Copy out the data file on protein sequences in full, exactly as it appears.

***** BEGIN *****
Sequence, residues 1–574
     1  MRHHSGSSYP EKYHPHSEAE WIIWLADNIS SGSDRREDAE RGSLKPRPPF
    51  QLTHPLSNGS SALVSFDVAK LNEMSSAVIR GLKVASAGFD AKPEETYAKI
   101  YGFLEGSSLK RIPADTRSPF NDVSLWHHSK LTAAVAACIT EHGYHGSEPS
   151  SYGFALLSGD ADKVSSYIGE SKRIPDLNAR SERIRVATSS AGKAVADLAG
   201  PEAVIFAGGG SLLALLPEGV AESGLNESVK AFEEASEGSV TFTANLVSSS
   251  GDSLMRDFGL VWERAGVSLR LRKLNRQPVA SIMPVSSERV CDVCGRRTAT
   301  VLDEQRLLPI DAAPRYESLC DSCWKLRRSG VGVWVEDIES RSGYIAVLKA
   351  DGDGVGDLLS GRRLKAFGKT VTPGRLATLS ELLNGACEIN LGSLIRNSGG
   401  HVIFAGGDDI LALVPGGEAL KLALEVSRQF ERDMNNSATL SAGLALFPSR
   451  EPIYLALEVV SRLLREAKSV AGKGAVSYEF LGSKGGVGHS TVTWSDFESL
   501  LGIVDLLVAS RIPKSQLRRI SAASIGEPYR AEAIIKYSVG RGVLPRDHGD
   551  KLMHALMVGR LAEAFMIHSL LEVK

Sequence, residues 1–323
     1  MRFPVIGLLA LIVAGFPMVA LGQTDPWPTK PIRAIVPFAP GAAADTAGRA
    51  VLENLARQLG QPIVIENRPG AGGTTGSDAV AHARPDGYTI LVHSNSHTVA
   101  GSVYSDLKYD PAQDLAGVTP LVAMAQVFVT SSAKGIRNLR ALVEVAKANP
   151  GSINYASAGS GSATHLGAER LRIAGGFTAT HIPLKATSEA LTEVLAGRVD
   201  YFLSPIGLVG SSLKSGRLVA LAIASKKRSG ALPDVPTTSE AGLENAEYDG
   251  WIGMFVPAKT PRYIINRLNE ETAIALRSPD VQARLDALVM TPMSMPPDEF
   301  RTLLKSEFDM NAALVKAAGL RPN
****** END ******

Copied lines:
Sequence, residues 1–574
     1  MRHHSGSSYP EKYHPHSEAE WIIWLADNIS SGSDRREDAE RGSLKPRPPF
    51  QLTHPLSNGS SALVSFDVAK LNEMSSAVIR GLKVASAGFD AKPEETYAKI
   101  YGFLEGSSLK RIPADTRSPF NDVSLWHHSK LTAAVAACIT EHGYHGSEPS
   151  SYGFALLSGD ADKVSSYIGE SKRIPDLNAR SERIRVATSS AGKAVADLAG
   201  PEAVIFAGGG SLLALLPEGV AESGLNESVK AFEEASEGSV TFTANLVSSS
   251  GDSLMRDFGL VWERAGVSLR LRKLNRQPVA SIMPVSSERV CDVCGRRTAT
   301  VLDEQRLLPI DAAPRYESLC DSCWKLRRSG VGVWVEDIES RSGYIAVLKA
   351  DGDGVGDLLS GRRLKAFGKT VTPGRLATLS ELLNGACEIN LGSLIRNSGG
   401  HVIFAGGDDI LALVPGGEAL KLALEVSRQF ERDMNNSATL SAGLALFPSR
   451  EPIYLALEVV SRLLREAKSV AGKGAVSYEF LGSKGGVGHS TVTWSDFESL
   501  LGIVDLLVAS RIPKSQLRRI SAASIGEPYR AEAIIKYSVG RGVLPRDHGD
   551  KLMHALMVGR LAEAFMIHSL LEVK

Sequence, residues 1–323
     1  MRFPVIGLLA LIVAGFPMVA LGQTDPWPTK PIRAIVPFAP GAAADTAGRA
    51  VLENLARQLG QPIVIENRPG AGGTTGSDAV AHARPDGYTI LVHSNSHTVA
   101  GSVYSDLKYD PAQDLAGVTP LVAMAQVFVT SSAKGIRNLR ALVEVAKANP
   151  GSINYASAGS GSATHLGAER LRIAGGFTAT HIPLKATSEA LTEVLAGRVD
   201  YFLSPIGLVG SSLKSGRLVA LAIASKKRSG ALPDVPTTSE AGLENAEYDG
   251  WIGMFVPAKT PRYIINRLNE ETAIALRSPD VQARLDALVM TPMSMPPDEF
   301  RTLLKSEFDM NAALVKAAGL RPN